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Title: Vitamin D, common mental disorders and cognition : insights from genetic and observational epidemiology
Author: Maddock, J. M.
ISNI:       0000 0004 5358 4249
Awarding Body: University College London (University of London)
Current Institution: University College London (University of London)
Date of Award: 2014
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The potential relationship between hypovitaminosis D and non-skeletal health outcomes is a growing public health concern. There is suggestion of a relationship between 25-hydroxyvitamin D (25(OH)D) and brain function, with equivocal epidemiological evidence for an association with common mental disorders (CMD) and cognitive function. The aim of the thesis was to investigate the association of 25(OH)D with CMDs and cognitive function in mid-adulthood. Observational and genetic studies were used to gain better insight into the causal nature of the relationship between 25(OH)D and cognitive function. During observational studies, the association of 25(OH)D with CMDs and cognitive function was assessed in the 1958 British birth cohort (1958BC). A genetic study investigated the potential for a gene-environment interaction (GxE) by APOE ε4 on cognitive function using participants from the 1958BC. This GxE study was replicated in an older European cohort. The causal relationship between 25(OH)D and cognitive function was assessed using a Mendelian randomisation (MR) approach in a meta-analyses using participants from nine European cohorts. Using observational data from 1958BC, there was evidence that both low and high 25(OH)D concentrations were associated with increased risk of CMDs and lower memory function. There was also evidence of a GxE interaction for memory function; where increasing 25(OH)D concentrations may be particularly beneficial for those with APOE ε4 genotype. However, results from a MR study provided no evidence for 25(OH)D concentrations acting as a causal factor for cognitive performance in mid- to later-life. Since there was evidence of a non-linear observational association, the MR study may have been underpowered to detect small causal effects at the extremes of the 25(OH)D distribution. Overall, there is some evidence of a potential non-linear association of 25(OH)D with CMDs and cognitive function. However the causal nature of this relationship requires confirmation from large long-term randomised controlled trials.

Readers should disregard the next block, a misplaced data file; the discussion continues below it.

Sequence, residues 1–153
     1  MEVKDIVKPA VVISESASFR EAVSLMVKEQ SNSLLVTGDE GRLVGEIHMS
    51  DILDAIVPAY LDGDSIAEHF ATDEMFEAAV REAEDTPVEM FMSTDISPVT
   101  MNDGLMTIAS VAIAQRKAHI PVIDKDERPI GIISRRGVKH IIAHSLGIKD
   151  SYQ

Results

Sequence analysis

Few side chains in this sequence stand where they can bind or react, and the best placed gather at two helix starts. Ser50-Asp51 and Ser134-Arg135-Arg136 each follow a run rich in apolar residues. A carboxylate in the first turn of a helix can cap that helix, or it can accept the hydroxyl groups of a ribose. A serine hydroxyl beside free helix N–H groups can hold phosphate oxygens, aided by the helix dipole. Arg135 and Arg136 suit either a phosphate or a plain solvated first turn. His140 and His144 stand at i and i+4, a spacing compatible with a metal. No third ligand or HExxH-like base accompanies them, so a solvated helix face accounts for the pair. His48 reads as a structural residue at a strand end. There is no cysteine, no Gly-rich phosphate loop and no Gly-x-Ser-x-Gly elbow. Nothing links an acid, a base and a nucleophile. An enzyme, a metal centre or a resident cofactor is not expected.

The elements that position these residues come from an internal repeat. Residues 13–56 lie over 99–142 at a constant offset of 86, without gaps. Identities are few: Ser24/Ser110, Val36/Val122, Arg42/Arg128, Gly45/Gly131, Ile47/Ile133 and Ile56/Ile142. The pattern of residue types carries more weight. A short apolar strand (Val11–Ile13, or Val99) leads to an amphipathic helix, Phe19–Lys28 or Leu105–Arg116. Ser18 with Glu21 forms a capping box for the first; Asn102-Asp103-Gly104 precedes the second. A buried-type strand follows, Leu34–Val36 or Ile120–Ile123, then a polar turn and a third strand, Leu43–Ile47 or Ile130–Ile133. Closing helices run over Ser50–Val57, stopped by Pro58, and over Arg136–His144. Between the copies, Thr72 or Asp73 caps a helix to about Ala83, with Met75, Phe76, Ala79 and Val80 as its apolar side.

Supervisor: Not available Sponsor: Not available
Qualification Name: Thesis (Ph.D.) Qualification Level: Doctoral
EThOS ID:  DOI: Not available